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" I may be on the devil’s hit list, but I’m on Jesus’ mailing list. "
— Robert Duvall, The Apostle

MRQE Top Critic

Ballroom

An exercise in atmosphere, with some really inspired surrealism —John Adams (DVD review...)

Trividic et al haunt the Ballroom

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Latter Days has a great setup: a Mormon missionary (Steve Sandvoss) gets assigned to L.A., where he falls in love with his gay neighbor.

Under the Rainbow Banner

Laundry metaphors don't help Latter Days
Laundry metaphors don’t help Latter Days

Jon Krakauer’s book Under the Banner of Heaven sheds some light on the Mormon faith — particularly its extremes, but also on everyday Mormon practices, which are fairly restrictive and out of touch with Los Angeles’ gay culture.

So Latter Days is a culture clash movie, not unlike this week’s The Prince and Me, but far more provocative and, frankly, R-rated. What would happen between a hedonistic fairy and an earnest but curious Mormon? It’s fertile ground for drama, comedy, and spirituality.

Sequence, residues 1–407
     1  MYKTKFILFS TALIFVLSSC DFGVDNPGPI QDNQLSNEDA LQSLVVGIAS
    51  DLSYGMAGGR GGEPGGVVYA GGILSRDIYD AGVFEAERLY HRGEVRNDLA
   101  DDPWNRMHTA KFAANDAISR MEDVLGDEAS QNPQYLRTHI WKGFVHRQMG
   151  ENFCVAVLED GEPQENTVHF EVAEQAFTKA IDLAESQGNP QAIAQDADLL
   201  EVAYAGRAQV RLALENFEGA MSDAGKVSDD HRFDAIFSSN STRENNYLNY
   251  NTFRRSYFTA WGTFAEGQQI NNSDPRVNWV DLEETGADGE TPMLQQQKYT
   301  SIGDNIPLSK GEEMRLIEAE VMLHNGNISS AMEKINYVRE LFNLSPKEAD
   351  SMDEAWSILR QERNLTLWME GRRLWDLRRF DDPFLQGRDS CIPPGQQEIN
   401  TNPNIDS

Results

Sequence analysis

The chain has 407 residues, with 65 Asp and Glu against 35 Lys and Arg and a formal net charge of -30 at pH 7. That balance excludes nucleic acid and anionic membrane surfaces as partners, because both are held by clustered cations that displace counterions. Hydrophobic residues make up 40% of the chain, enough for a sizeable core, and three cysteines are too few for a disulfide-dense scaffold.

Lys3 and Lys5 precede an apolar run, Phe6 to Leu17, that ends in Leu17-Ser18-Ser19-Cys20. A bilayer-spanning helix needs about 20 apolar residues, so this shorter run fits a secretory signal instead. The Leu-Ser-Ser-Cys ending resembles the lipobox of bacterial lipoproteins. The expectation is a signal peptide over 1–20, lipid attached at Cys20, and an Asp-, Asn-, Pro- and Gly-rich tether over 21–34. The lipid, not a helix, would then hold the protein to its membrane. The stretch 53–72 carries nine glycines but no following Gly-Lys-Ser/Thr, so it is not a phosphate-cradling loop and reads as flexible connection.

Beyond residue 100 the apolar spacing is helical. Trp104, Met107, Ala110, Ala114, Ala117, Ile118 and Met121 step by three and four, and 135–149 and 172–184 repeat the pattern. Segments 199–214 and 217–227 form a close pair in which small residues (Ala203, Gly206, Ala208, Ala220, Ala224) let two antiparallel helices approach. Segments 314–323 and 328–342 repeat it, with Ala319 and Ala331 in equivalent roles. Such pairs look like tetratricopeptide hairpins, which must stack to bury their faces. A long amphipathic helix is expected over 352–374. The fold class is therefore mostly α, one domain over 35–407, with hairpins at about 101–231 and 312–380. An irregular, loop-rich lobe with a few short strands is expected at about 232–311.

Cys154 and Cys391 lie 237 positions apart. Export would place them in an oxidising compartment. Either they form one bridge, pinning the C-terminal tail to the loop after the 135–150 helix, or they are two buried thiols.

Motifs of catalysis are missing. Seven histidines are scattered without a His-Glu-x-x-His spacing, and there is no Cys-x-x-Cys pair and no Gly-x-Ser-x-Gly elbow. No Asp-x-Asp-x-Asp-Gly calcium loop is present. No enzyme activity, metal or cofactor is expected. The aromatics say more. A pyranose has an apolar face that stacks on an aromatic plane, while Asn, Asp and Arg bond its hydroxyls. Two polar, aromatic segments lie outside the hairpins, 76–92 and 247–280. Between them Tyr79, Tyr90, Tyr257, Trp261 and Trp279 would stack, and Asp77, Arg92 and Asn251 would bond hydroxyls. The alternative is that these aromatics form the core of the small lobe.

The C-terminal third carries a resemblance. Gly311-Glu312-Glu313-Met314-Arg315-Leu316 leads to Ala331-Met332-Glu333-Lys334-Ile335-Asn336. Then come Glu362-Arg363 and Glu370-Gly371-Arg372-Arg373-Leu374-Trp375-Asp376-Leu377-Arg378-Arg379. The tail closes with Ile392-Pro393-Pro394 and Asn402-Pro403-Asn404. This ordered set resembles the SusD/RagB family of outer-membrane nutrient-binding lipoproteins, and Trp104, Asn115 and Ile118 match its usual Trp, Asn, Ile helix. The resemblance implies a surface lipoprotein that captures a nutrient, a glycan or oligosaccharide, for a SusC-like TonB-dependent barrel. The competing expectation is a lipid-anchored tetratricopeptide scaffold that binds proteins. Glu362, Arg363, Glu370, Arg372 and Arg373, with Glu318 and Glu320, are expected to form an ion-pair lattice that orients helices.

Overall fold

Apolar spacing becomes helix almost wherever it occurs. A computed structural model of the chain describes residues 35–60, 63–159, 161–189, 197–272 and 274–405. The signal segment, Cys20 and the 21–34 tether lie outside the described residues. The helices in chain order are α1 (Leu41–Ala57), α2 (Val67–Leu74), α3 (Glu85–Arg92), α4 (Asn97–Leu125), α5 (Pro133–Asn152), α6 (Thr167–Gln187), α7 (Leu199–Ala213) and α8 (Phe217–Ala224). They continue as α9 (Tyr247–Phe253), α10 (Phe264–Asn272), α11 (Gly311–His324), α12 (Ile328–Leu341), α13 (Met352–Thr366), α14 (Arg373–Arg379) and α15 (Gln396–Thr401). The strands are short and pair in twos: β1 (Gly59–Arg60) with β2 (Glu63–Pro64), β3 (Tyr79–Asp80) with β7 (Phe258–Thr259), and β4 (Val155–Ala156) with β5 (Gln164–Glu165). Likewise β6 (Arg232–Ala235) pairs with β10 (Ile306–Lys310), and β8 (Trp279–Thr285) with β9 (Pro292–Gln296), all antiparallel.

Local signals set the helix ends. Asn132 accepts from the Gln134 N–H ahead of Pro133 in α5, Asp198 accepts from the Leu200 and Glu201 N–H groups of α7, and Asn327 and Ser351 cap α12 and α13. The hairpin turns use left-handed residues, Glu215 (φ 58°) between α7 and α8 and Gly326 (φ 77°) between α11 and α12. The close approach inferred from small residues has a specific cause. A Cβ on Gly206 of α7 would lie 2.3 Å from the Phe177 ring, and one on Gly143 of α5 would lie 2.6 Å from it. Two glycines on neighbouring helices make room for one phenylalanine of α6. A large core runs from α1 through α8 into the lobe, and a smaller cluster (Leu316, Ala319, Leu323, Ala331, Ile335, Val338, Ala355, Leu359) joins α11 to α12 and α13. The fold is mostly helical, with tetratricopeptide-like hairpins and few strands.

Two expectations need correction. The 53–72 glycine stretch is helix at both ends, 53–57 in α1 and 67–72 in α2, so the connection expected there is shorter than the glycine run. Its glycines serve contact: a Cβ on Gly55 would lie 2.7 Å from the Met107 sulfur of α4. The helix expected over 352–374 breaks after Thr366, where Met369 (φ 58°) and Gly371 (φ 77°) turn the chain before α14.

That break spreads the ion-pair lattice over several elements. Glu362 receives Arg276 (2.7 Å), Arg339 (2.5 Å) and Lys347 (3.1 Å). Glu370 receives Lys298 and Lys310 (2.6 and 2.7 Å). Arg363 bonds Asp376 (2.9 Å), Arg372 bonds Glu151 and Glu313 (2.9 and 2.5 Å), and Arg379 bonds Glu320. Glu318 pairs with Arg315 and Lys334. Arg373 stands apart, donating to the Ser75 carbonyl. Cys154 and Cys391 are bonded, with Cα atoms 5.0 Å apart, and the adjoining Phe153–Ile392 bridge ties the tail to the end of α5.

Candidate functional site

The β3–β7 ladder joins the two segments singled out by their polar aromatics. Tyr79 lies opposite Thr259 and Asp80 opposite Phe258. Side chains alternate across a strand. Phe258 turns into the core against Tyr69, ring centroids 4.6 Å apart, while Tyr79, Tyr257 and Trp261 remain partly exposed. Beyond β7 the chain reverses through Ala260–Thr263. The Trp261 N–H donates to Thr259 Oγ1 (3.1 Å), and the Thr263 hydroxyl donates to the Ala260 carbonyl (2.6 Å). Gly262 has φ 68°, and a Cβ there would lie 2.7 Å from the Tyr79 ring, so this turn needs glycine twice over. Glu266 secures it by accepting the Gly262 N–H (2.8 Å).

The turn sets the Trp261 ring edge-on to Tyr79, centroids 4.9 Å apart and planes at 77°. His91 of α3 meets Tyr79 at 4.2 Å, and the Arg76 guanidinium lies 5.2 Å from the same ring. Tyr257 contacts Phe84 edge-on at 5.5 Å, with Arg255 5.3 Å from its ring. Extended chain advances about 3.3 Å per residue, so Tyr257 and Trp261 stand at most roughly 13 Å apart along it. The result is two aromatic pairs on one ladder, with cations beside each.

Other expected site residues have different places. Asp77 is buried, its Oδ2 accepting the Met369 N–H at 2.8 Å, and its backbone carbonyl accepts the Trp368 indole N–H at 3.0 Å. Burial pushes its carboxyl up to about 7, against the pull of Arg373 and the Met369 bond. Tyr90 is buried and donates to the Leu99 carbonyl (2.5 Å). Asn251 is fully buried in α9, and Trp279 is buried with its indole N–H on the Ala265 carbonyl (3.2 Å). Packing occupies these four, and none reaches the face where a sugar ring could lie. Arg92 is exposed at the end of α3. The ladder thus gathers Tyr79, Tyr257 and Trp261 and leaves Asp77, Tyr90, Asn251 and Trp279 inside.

Unfortunately, the movie is too amateurish and too melodramatic to ever really sell any of its interesting ideas for longer than a few minutes. A scene will strike a chord, but instead of letting it ring, writer/director C. Jay Cox damps it with contrived dialogue or cheesy humor. It’s so bad sometimes it’s unintentionally funny. The meeting between Aaron the Mormon and Christian the “fairy” (Wesley A. Ramsey) in the laundry room provides one of the film’s attempted metaphors: “we’re colors and whites — we don’t mix.”

Saints and Sinners

The movie also suffers from “too much gay, not enough Mormon.” Although some details of Mormonism are carefully mentioned, mere details don’t really convey the culture I read about in Under the Banner of Heaven. Latter Days portrays gay culture pretty well, but it doesn’t offer any insights on Mormonism, which is used as a movie shorthand for a gay-repressive culture.

For an amateur film, Latter Days isn’t too bad. It’s a nice movie with likeable characters. It’s also a movie that many homosexuals will probably identify with. But unless you’re willing to give it a break, it may disappoint.